Tuesday, July 5, 2022

My Body is Not a Prayer Request - a review


Disability Justice in the Church


Amy Kenny

Reviewed by

Geoffrey W. Sutton


Is anyone among you sick?

Let them call the elders of the church to pray over them

and anoint them with oil in the name of the Lord.

And the prayer offered in faith will make the sick person well;

the Lord will raise them up.

(James 5: 14-15a, NIV)


“God told me to pray for you.” Amy begins her challenge to Christians who dehumanize her, and all people with disabilities, by telling the tale of a prayer predator. She interrupts the woman’s plan, “I don’t need prayer for healing. My body has already been sanctified and redeemed.”

Amy uses a cane and a wheelchair. Throughout My Body is Not a Prayer Request, we learn what Christians and medical people have said and done, which have had a cumulative effect of dehumanizing Amy. She has encountered many Christians who do not accept her as she is. Her work is an attack on the mentality of ableism.

[Read about ableism]

Part of her attack focuses on the prayer predators who insist that it is not God’s will for her to have a disability and that God wants to heal her. Unlike hidden disabilities, Amy’s use of mobility devices draws attention to a physical difference. Charismatic and Pentecostal Christians believe God can perform healing miracles. In short, they believe people like Amy can walk again. I begin to glimpse the frustration and even anger with the people who constantly annoy her as if she is a problem in need of a fix instead of fixing the environment that is designed for the able-bodied.

Another part of her attack is on Christians who refuse to design spaces for people who need one or more accommodations to fit in. She takes on the excuses she has heard like limited funds despite churches finding money for other projects. She needs a ramp. Others need large print, sign language, or accommodations for hearing impairments.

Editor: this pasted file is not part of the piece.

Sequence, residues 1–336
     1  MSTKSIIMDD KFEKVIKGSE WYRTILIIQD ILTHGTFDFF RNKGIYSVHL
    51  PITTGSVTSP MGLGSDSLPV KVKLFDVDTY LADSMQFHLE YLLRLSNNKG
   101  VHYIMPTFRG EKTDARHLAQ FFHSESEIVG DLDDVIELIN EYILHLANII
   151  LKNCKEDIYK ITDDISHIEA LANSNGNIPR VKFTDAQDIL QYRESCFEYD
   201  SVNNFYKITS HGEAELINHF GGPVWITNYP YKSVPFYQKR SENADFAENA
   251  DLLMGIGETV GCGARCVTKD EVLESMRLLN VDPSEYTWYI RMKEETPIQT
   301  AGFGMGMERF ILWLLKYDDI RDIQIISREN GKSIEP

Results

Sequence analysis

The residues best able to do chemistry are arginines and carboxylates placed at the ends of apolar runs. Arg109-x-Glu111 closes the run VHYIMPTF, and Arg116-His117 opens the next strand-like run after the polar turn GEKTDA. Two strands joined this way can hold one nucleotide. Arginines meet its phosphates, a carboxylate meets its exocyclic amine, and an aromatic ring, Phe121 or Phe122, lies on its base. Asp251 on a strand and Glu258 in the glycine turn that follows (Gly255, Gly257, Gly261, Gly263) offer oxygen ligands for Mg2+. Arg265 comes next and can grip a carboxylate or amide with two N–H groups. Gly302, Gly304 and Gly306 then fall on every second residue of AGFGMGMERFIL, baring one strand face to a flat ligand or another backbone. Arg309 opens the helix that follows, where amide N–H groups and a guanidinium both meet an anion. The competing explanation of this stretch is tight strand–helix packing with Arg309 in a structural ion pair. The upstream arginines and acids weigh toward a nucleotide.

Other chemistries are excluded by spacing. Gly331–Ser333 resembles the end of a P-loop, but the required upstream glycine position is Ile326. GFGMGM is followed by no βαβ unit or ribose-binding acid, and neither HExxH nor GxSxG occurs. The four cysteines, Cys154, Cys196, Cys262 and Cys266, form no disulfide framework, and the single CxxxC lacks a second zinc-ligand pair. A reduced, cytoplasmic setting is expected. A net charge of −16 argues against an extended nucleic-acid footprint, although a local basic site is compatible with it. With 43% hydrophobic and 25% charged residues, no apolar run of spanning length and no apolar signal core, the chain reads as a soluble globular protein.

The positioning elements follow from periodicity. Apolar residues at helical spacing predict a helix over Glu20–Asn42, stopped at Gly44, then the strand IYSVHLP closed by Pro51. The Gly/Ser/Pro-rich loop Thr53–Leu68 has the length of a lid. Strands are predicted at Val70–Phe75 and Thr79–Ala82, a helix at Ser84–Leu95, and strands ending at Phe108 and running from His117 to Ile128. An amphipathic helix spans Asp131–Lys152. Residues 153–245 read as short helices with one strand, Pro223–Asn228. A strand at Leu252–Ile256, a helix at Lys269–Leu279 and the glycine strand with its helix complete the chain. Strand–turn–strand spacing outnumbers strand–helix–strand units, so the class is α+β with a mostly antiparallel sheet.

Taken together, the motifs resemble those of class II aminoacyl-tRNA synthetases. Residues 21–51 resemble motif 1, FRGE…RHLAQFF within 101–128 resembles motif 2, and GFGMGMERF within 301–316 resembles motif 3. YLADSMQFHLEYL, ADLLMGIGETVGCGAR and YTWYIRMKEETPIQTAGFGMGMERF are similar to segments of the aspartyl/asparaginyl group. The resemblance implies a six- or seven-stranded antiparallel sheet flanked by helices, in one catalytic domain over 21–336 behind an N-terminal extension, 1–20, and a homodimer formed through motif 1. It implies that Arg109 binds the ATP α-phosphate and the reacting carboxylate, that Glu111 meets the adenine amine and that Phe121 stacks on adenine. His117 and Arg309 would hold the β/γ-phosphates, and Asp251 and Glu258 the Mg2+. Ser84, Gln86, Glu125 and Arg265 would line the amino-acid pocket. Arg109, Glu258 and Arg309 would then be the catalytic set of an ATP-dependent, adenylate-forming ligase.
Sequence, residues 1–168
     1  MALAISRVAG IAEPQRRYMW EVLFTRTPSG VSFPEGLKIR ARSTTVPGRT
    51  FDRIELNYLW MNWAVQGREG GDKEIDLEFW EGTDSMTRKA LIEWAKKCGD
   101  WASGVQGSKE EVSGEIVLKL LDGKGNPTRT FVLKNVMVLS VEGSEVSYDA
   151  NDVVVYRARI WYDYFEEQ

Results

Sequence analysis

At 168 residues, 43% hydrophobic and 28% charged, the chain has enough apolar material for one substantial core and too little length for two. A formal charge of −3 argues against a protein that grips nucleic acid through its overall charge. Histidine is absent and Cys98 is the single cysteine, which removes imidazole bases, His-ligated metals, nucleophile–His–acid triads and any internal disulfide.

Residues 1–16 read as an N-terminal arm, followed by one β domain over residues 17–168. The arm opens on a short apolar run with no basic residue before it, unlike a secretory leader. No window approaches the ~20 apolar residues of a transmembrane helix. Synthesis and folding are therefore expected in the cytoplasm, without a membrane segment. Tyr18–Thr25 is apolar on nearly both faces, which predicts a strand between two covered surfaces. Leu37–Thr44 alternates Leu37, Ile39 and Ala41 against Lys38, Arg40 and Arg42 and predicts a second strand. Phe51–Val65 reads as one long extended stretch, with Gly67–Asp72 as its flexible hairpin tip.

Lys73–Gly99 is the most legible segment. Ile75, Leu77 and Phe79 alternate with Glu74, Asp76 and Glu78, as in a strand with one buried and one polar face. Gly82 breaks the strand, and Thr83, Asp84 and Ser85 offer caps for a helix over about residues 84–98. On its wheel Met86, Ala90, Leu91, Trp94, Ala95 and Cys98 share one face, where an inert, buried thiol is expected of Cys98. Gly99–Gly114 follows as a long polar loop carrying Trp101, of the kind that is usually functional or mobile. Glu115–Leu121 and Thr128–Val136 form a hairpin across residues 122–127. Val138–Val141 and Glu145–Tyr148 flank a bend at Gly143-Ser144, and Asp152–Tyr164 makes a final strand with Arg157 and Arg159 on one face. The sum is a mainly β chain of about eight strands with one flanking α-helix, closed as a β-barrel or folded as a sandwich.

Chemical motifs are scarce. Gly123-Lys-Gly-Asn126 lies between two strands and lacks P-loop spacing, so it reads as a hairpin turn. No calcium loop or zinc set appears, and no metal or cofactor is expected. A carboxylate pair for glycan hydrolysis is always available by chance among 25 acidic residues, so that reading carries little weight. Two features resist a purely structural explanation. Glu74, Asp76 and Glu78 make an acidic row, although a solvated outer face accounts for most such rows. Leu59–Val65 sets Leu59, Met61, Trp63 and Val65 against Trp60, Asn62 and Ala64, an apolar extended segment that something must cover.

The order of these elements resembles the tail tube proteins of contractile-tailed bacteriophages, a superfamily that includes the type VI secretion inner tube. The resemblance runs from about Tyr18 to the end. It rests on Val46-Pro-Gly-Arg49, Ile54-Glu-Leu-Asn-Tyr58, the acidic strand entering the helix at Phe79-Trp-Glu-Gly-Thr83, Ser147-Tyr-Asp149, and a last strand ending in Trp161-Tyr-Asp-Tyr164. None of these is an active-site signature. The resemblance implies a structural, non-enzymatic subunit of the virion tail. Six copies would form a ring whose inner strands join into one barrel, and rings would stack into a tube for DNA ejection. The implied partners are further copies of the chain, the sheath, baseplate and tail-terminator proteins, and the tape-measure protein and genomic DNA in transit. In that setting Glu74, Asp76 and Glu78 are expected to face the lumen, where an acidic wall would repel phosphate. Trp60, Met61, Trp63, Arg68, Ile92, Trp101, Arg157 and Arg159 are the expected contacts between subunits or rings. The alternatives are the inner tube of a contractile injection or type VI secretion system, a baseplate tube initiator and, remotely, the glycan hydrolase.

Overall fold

Amy also takes on the dehumanization that occurs through the barrage of microaggressions. Mostly these take the form of words and phrases. Christians make jokes about people with disabilities and toss around words like “lame” as if she did not exist. In addition to pointing out the ways some Christians offend people with disabilities, she approaches a theology of disability noting scriptures that reveal compassion and inclusivity.

Read about the concept, microaggressions.]

In closing this summary of the book, I would note she provides suggestions for activities at the end of each chapter that may be of special interest to people in Christian book-study groups.

Quoting Amy

Following are some quotes to give you a sense of her perspective on being a Christian with a disability. The number following each quote is the page number.

No place is safe from prayerful predators. 27

What we need to be freed from is ableism. 27

Constructing buildings and communities with disabled people in mind from the outset produces a culture of belonging that does not discriminate against bodily difference. 36

Perhaps instead of trying to pray away the cane, prayerful perpetrators should ensure that buildings are accessible to me. Perhaps instead of focusing on my body as the source of sin, prayerful perpetrators should repent of the ways the church perpetuates the sin of excluding disabled people.  36

“Crip” is a disability community word that reclaims the slur “cripple” in hopes of transforming the way the world interprets our bodies. 53

Doctors have drugs, churches have platitudes. They use platitudes like a drug they can dole out to make any ailment go away. 99

Crip tax is a term for the way society charges disabled people for being disabled. The cost of mobility devices, medical care, and assistive technology is weighty.  106

Folks routinely wear glasses or contacts without knowing how to manufacture them and without the threat of prayerful perpetrators trying to cure them. 132

I am not your metaphor. My body is not your symbol to use. My crippled body and lame leg do not give you permission to dismiss me as symbolic for whatever you find difficult.  146

Physical space reveals who the world is built for and who we expect to use it. 197

Accessibility is not just a checklist but an ethos.  197

In the charity model, we become objects of pity rather than subjects with our own gifts. 252